Offline daveshorts

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Why do we see things as blue in darkness ?
« Reply #3 on: 06/03/2007 13:47:47 »
I think some of both effects is due to the fact that blue light is scattered by the sky better than other colours so just after dusk everything is blue, because it most of the light you see has been scattered a few times by the atmosphere.

I am not sure if I do see things as blue in the dark, I definitely see things as grey whn it is very dim.

The reason that blue is considered cold could be that a blue light is associated with dusk and dawn when it is relatively cold, and red is associated with fires?
 

Offline lightarrow

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Why do we see things as blue in darkness ?
« Reply #4 on: 06/03/2007 14:23:01 »
The fact things appear as reddish at sunset it's not surprising, since the color of the sunlight is reddish at sunset!
The fact things appears as bluish with little light is the "Purkinje effect":
http://en.wikipedia.org/wiki/Purkinje_effect
Is due to the fact that, with little light, retinal rods, instead of cones, are active, and they have their max sensitivity for the blue-green, instead of the yellow in the case of cones.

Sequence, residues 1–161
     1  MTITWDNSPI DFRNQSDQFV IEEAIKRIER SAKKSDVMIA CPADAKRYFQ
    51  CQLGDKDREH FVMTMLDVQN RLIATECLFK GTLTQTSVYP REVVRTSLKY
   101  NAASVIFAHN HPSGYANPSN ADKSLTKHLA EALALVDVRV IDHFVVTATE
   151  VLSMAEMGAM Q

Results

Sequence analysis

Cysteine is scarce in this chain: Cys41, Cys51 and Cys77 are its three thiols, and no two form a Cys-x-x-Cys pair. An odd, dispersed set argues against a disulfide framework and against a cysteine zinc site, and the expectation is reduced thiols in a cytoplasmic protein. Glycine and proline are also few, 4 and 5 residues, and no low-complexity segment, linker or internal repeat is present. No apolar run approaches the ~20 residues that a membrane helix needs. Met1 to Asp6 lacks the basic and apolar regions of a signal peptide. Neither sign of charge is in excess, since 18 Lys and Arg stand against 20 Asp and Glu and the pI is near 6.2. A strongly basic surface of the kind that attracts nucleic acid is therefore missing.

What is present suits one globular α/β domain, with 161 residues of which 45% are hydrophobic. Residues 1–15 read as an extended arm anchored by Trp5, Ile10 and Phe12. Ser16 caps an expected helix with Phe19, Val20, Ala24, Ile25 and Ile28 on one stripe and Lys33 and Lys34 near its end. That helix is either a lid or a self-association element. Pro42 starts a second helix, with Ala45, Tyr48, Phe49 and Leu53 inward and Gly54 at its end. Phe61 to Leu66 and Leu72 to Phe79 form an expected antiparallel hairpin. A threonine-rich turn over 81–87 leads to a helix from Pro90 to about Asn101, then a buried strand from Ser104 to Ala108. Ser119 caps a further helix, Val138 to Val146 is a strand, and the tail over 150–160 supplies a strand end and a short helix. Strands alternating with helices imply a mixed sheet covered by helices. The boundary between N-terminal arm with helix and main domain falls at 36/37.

There is a bit of contradiction between the cited Wikipedia article and the one on colour vision, which speaks of three distinct types of cones.
From http://en.wikipedia.org/wiki/Purkinje_effect:
"The Purkinje effect occurs at the transition between primary use of the photopic (cone-based) and scotopic (rod-based) systems: as intensity dims, the rods take over, and before colour disappears completely, it shifts towards the rods' top sensitivity".
I have a book "Light, Colour and Vision" which I read when I was a boy and which has taught me a lot.
About Purkinje effect there is also a picture of houses with yellow walls. The same scene seen with little light, represented in another picture, shows dark, green walls. Colours have shifted toward blue.
Be careful not to confuse this effect with another one: objects seen from very far appears as bluish because of the blue of the sky mixed with the light coming from the object (even during daylight).
« Last Edit: 06/03/2007 14:33:38 by lightarrow »
 

Offline lightarrow

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Why do we see things as blue in darkness ?
« Reply #5 on: 06/03/2007 14:38:51 »
I am not sure if I do see things as blue in the dark, I definitely see things as grey whn it is very dim.
Of course. But when there is little light, but still enough to perceive colours, they are shifted towards blue.
Quote
The reason that blue is considered cold could be that a blue light is associated with dusk and dawn when it is relatively cold, and red is associated with fires?
Maybe blue comes from water and red from fire.
 

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Why do we see things as blue in darkness ?
« Reply #5 on: 06/03/2007 14:38:51 »